Applying a Business Model Perspective to Sustainability Solutions

[We’re pleased to welcome Caroline Gauthier of Grenoble Ecole de Management. Professor O&E_Mar_2012_vol26_no1_Cover_Final.inddGauthier co-authored an article with Bettina Gilomen of Grenoble Ecole de Management in Organization & Environment entitled “Business Models for Sustainability:
Energy Efficiency in Urban Districts”.]

  •  What inspired you to be interested in this topic?

The disruptive nature of many sustainability solutions may be the main barrier to their implementation and dispersal: adopting a business model perspective may help address this problem.

  • Were there findings that were surprising to you?

The implementation of sustainable solutions often relies on projects being implemented and managed collectively, so that organizations need to adapt their business models to deliver value propositions collectively. Some actors are working collectively to deliver innovative solutions for energy efficiency and therefore completely change the rules of the energy supply game.

  • How do you see this study influencing future research and/or practice?

Sustainability issues should be addressed with a collective business models perspective.

The abstract:

The disruptive nature of many sustainability solutions may be the main barrier to their implementation and dispersal: adopting a business model perspective may help address this problem. Previous literature has explored how organizations can convert their supply chains and customer interfaces toward a sustainability focus, but has generally not considered links to other business model elements—such as value propositions and financial models—in exploring business model transitions. Moreover, the implementation of sustainable solutions often relies on projects being implemented and managed collectively, so that organizations need to adapt their business models to deliver value propositions collectively, a phenomenon that research on business models for sustainability should address. This article addresses these issues by exploring changes in business model elements in detail via an in-depth qualitative study of two French sustainable urban projects—Caserne de Bonneand IssyGrid®. Our results show, first, that it is worth considering the role played by business model elements (the value proposition and the financial model) that literature does not usually discuss in enabling the management of or transition to business models for sustainability. Second, considering all four business model elements allows us to develop a typology of their transformations in organizations working toward sustainable solutions. Third, introducing the necessary collective dimension of sustainable solutions highlights the role of agency in facilitating their development and adoption.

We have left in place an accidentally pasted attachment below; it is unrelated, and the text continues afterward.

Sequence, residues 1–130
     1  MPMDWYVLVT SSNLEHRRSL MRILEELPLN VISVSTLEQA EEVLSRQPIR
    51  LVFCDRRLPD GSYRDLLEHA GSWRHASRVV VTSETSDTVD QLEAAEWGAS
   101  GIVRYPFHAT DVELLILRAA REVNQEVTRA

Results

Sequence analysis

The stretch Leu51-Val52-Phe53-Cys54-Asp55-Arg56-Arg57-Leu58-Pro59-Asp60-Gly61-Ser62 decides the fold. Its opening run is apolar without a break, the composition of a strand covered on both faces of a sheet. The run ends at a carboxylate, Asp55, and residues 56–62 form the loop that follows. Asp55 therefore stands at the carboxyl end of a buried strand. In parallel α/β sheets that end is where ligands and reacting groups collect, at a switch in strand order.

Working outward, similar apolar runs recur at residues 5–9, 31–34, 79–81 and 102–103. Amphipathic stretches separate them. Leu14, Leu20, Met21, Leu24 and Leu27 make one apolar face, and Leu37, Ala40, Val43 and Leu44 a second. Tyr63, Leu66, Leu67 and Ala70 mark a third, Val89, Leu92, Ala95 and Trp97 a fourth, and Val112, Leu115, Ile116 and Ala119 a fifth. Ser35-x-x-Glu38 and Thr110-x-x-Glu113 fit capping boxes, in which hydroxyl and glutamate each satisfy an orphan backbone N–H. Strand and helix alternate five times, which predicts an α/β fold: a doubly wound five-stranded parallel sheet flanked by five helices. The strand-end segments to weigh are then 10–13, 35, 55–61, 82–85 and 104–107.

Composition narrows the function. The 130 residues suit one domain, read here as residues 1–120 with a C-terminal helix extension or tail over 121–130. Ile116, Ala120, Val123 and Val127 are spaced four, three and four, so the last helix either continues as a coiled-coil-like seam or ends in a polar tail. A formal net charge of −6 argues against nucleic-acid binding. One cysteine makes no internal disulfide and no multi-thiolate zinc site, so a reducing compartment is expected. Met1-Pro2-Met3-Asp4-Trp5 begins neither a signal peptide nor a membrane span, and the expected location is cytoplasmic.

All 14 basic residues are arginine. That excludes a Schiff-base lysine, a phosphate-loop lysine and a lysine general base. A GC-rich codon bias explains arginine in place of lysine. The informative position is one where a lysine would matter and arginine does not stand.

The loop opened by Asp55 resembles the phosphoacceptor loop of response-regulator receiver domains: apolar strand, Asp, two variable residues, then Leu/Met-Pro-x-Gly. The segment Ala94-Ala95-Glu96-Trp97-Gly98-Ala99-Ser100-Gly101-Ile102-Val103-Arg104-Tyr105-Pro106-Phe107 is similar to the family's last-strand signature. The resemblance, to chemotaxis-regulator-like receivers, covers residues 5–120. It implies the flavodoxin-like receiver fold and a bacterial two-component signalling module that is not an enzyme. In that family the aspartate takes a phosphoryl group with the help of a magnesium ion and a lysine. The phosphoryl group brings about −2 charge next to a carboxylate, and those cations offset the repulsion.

You can read “Business Models for Sustainability: Energy Efficiency in Urban Districts” from Organization & Environment free for the next two weeks by clicking here. Want to know about all the latest research from Organization & Environment? Click here to sign up for e-alerts!

This entry was posted in Business, Environmental and Social Issues, Sustainability, sustainable business and tagged , , , , , , by Cynthia Nalevanko, Editor, SAGE Publishing. Bookmark the permalink.

About Cynthia Nalevanko, Editor, SAGE Publishing

Founded in 1965, SAGE is the world’s leading independent academic and professional publisher. Known for our commitment to quality and innovation, SAGE has helped inform and educate a global community of scholars, practitioners, researchers, and students across a broad range of subject areas. With over 1500 employees globally from principal offices in Los Angeles, London, New Delhi, Singapore, Washington DC, and Melburne, our publishing program includes more than 1000 journals and over 900 books, reference works and databases a year in business, humanities, social sciences, science, technology and medicine. Believing passionately that engaged scholarship lies at the heart of any healthy society and that education is intrinsically valuable, SAGE aims to be the world’s leading independent academic and professional publisher. This means playing a creative role in society by disseminating teaching and research on a global scale, the cornerstones of which are good, long-term relationships, a focus on our markets, and an ability to combine quality and innovation. Leading authors, editors and societies should feel that SAGE is their natural home: we believe in meeting the range of their needs, and in publishing the best of their work. We are a growing company, and our financial success comes from thinking creatively about our markets and actively responding to the needs of our customers.

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